One of the most common regrets of the dying, and men specifically, is wishing they hadn’t worked so hard.
In 2009, palliative nurse Bronnie Ware wrote that every male patient she looked after expressed that sorrow.
“They missed their children’s youth and their partner’s companionship. All of the men I nursed deeply regretted spending so much of their lives on the treadmill of a work existence.”
Younger fathers today appear to be changing course with how they view their role in the workforce and at home.
A Modern Families Index report released this month in the U.K. revealed 47 per cent of fathers would like to make the switch to a less stressful job to have a better work-life balance and more time for family. Close to 40 per cent would even be willing to get paid less to make that happen.
The findings are consistent with a 2010 Canadian survey commissioned by Workopolis. It found, if given the choice, 56 per cent of dads would opt for a 10 per cent pay cut if it meant they could spend 10 per cent more time at home with their kids.
Half the surveyed fathers said they’d also consider a job change if it gave them extra family time.
Toronto father-of-three Warren Orlans (aka the man behind the Urban Daddy blog) made the decision to majorly scale back on work in 2013. He quit his job at a high-powered Toronto tax firm, where he managed multi-million-dollar accounts, to spend more time with his family.
The 45-year-old took a “significant” pay cut to run a tax consulting business out of his basement, which has allowed him way more freedom and flexibility. He no longer misses dinner time due to his commute and is able to be a bigger part of the lives of daughter and two boys, who are aged 7, 10 and 12 respectively.
“[I’m] able to watch them at their swim practice, dance practice, [sports]… It’s amazing to spend time with them.”
Orlands explains that when he was growing up, he didn’t get to spend that kind of time with his late father.
“I want to be a better parent to my kids than my father was able to be to me,” Orlands said.
“I try to make the time…every time.”
‘Partners in parenting’
Nora Spinks of the Vanier Institute of the Family explains there are a couple reasons why fathers are taking on more active roles at home.
She thinks there’s been a recent spike in stay-at-home dads because of the economic downturn in some male-dominant fields (like the oil industry). Female-dominated jobs in areas like education and nursing have been most secure.
“So increasingly women are bringing in either equal or in some cases increasingly the majority of the household income.”
Men are more likely to embrace being at home if their partner brings in a solid income, Spinks says.
There are also some “subconscious” influences at play, she believes, especially with millennials. Those born in the ’80s saw more mothers working than ever before, but also more separation and divorce than any generation since. Even children whose parents stayed together likely had a close friend whose parents shared custody and co-parented.
“It’s the first generation that saw dads doing dishes, tying pony tails, folding laundry in a way no other generation before did,” she said.
“As they became adults, they carried on that behaviour… Dads see themselves as partners in parenting.”
In Orlans’ household the chores get divvied up based on strengths and weaknesses. He cleans, his wife (who’s a teacher) cooks. She does laundry, he folds and puts it away.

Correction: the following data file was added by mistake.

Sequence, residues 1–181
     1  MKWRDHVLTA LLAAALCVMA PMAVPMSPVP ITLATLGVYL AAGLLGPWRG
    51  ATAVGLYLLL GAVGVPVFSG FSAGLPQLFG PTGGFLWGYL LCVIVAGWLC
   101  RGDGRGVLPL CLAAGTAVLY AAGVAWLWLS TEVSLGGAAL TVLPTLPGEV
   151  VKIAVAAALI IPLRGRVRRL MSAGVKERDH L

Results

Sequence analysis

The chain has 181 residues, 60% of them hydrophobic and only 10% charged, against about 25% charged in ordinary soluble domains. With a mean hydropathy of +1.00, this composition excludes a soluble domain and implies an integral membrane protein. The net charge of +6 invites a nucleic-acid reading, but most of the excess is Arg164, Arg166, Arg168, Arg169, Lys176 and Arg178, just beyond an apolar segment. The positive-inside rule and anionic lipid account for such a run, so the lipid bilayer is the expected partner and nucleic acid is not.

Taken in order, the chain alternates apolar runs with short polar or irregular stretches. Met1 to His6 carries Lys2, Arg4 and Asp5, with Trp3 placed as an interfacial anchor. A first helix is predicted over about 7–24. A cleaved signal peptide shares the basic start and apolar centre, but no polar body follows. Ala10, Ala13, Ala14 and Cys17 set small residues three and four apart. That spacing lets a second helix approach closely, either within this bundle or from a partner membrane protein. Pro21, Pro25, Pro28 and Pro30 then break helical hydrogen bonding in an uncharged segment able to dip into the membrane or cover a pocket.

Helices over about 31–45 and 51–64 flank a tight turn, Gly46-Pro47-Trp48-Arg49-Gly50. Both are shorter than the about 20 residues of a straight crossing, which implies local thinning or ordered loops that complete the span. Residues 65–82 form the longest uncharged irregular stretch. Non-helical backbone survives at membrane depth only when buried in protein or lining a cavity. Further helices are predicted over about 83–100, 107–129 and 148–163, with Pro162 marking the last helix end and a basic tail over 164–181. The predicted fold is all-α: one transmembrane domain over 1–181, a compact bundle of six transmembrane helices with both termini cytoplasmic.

“I clean up poo, she takes care of vomit. I help as much as I can. I learned that growing up, so I’m not afraid of helping anywhere and everywhere.
“I want my kids to see that in a family everyone helps out, all the time, whether they like it or not.”
‘It’s a wave we can’t stop’
Spinks believes more men are feeling empowered to take paternity leave to help care for their new babies and provide postpartum care.
Orlans has experienced both sides of the coin. When he was working at the Canada Revenue Agency, he felt comfortable taking the time off. He took nine months with his firstborn, which he says was “incredible” and taught him “what it meant to be a dad.”
He took four months off with his second child. By the third, he’d moved from the public sector to the private firm, where he says his boss was “anxious” at the thought of him taking even a single day off.
“So that was all I took,” he said. “I think employers like to state that they offer a work-life balance, but they don’t understand what that means.”
The federal government is looking at improving parental care benefits across the country. It’s still not known what will change or when, but Spinks is certain “there will be a change.”
“There may be a new paternity leave, or more encouragement for dads [to take it]… It’s a wave we can’t stop.”
Quebec is leading on the charge on that front. There, Spinks says there’s more negative stigma if a father doesn’t take the paternity leave that’s mandated in the province.
The shift in attitude has trickled down to the marketplace as well. “Moms and tots” groups are now “parenting programs,” according to Spinks, who adds some strollers are even designed with higher handles to accommodate the taller frame of dads.
“It’s the way society is changing and it’s for the better,” Orlands said of all the shifts.
“You can work that corporate ladder… and then see your kids in passing or while they are sleeping, or you can accept something different which allows for that relationship.”
“Kids want and need to be loved and supported. Spouses want the same. The work will always be there, but my family needs me and I need them. So I make that a priority.
“If it means taking less money, less responsibility, or passing up a promotion for the greater good of the family, then this should be rewarded, not looked upon in a negative manner.”
Here’s a closer look at what fatherhood looks like in Canada:
Infographic designed by Jesse Skelton, Global News